halloween box office

Halloween has one more victim to add to its body count: box office records. The long-awaited horror sequel made a killing at the box office in its opening weekend, raking in $77.5 million in 3,928 locations. That means director David Gordon Green‘s sequel/reboot is not just the highest-grossing film in the decades-spanning Halloween franchise, but the biggest opening for a slasher movie ever, adjusted for inflation.

Halloween Kills It

Variety reports that Gordon Green’s Halloween shattered the franchise opening record, previously held by the 2007 Rob Zombie reboot ($26 million), and is already the biggest-grossing Halloween movie of all time.

The highest-grossing Halloween movie until now was, again, the Zombie reboot, which raked in $58.2 million overall — with the 2018 Halloween set to far overshoot that after clocking $77.5 million in three days of domestic release. Coupled with Halloween‘s $14.3 million international opening gross, the slasher movie made a total $91.8 million worldwide.

But that’s not the only record that Halloween is slashing to pieces. Adjusted for inflation, Halloween‘s $77.5 million debut weekend beats out the previous slasher movie record holder, Scream 2, whose $33 million launch in 1997 would be $65 million today, according to Forbes. It’s also the biggest Blumhouse debut, beating out Paranormal Activity 3 ($52.5 million), and according to Forbes “is the fourth-biggest horror movie/scary movie launch ever (sans inflation) behind only It ($123m), Jurassic World: Fallen Kingdom ($150m) and Jurassic World ($208m).”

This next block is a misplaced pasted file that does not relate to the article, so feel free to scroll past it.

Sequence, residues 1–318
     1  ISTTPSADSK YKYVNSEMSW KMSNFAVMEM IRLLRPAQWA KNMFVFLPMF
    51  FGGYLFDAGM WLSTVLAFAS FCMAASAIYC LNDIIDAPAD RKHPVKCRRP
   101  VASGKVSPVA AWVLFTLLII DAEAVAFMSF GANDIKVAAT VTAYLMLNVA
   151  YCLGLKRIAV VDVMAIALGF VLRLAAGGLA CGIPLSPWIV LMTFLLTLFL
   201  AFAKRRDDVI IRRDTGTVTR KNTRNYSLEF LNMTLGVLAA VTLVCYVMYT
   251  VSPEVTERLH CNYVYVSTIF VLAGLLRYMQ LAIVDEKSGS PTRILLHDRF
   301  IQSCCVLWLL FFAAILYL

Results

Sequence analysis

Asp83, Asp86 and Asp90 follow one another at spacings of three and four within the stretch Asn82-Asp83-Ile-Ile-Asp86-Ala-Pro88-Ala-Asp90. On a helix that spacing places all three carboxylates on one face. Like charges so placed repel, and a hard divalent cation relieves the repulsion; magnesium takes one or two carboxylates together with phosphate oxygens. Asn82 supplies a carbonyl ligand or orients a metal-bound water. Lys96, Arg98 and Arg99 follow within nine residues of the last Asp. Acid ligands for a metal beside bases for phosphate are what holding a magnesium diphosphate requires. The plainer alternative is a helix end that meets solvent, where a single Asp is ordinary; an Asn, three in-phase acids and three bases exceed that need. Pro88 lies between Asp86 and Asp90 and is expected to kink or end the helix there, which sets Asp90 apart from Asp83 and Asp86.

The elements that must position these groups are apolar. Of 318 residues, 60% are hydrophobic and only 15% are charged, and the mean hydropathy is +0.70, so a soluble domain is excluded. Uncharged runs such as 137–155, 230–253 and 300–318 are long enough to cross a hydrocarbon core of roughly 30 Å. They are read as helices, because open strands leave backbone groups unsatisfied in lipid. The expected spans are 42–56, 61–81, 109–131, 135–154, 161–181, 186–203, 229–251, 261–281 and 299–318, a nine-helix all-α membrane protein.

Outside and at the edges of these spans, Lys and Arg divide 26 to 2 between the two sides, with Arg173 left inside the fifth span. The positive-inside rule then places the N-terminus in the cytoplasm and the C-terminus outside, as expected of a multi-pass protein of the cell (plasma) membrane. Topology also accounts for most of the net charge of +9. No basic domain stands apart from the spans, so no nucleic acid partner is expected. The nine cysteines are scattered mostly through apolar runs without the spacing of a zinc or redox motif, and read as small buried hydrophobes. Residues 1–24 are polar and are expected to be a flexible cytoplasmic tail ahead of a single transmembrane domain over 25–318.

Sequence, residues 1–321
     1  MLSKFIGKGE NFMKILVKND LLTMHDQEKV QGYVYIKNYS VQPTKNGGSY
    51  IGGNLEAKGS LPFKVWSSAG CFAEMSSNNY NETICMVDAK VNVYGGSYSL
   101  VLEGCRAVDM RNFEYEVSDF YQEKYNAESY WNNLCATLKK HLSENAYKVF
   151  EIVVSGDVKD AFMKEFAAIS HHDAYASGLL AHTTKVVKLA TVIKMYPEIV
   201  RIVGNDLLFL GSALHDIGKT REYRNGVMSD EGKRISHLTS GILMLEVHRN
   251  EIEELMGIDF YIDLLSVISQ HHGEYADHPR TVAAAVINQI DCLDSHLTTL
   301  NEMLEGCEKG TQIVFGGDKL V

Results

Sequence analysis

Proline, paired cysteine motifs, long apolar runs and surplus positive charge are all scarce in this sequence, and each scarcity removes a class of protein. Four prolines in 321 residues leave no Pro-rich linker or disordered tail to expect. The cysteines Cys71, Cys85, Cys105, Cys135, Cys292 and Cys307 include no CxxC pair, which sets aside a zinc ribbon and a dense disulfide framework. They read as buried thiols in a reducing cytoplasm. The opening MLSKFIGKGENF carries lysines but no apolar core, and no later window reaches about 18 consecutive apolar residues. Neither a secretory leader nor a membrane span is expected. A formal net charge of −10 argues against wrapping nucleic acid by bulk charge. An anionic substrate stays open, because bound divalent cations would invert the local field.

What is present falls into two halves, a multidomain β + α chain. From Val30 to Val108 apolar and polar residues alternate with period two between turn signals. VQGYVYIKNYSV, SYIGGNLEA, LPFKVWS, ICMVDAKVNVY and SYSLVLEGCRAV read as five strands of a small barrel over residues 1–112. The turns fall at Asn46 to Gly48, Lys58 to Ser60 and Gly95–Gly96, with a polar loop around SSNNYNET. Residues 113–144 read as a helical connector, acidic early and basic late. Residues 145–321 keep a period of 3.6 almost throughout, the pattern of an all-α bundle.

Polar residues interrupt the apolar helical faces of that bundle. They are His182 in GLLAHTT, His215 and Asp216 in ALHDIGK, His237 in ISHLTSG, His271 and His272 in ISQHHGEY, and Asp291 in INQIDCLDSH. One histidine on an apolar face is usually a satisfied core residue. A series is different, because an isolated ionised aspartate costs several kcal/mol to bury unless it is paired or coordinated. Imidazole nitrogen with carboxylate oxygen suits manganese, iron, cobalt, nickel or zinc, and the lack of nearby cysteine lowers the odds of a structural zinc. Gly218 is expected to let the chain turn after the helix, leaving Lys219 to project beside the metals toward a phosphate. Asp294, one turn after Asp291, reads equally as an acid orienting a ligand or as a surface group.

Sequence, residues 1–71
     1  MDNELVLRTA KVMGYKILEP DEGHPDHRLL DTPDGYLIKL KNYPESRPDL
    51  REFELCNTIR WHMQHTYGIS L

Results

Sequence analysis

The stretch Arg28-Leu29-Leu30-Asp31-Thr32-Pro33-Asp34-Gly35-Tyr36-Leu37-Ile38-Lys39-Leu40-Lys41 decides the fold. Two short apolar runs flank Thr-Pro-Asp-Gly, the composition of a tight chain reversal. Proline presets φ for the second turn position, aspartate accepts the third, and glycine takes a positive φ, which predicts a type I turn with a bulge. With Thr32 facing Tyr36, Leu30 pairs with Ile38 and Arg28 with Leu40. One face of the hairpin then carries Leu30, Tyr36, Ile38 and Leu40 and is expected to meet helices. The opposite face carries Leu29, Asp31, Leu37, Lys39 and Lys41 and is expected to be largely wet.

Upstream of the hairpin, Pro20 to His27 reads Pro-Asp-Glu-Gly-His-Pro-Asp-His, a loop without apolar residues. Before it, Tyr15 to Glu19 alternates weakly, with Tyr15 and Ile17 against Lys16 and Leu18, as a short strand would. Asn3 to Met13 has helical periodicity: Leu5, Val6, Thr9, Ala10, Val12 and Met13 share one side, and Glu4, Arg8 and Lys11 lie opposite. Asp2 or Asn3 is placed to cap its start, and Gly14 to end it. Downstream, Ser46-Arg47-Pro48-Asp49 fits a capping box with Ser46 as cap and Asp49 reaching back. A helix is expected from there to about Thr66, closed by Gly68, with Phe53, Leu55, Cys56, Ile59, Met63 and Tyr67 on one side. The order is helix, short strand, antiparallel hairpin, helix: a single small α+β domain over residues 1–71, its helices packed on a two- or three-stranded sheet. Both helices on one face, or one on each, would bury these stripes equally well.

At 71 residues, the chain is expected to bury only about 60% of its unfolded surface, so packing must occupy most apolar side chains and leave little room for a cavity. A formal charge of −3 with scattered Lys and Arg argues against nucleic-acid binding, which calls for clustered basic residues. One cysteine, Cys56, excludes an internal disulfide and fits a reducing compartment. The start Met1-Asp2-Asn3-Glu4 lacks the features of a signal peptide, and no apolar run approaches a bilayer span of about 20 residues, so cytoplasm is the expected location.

In other records, Halloween notched the No. 2 spot. Halloween had the second-best start for an R-rated horror film after last year’s It, and still maintains the second-highest October debut after Venom took that record earlier this month.

Venom Continues to Lead International Box Office, and Others

Meanwhile, Deadline reports that Venoms deal with the devil has worked out for the comic book movie’s international box office, passing the $290.7 million mark this weekend, with a global total of $461.2 million  — with China and Japan still set to let the devil into its markets.

A Star is Born nabbed the No. 2 international spot, bringing its international gross to $74.7 million and shooting past the $200 million mark for its total worldwide tally.

Indie Box Office: Mid90s, Wildlife, Can You Ever Forgive Me?

In the indie realm, Jonah Hill’s directorial debut Mid90s is setting its own little records, giving A24 two of the year’s three best opening-frame per-theater averages to date, according to Deadline. The coming-of-age drama grossed $249,500 during the weekend for a $62,375 per-screen average, with the studio planning to expand next weekend after the strong opening.

Following behind Mid90s in the indie circuit are Melissa McCarthy’s Can You Ever Forgive Me? which raked in $150,000 in five locations, and Paul Dano’s directorial debut Wildlife, which opened to $105,614 in four locations.

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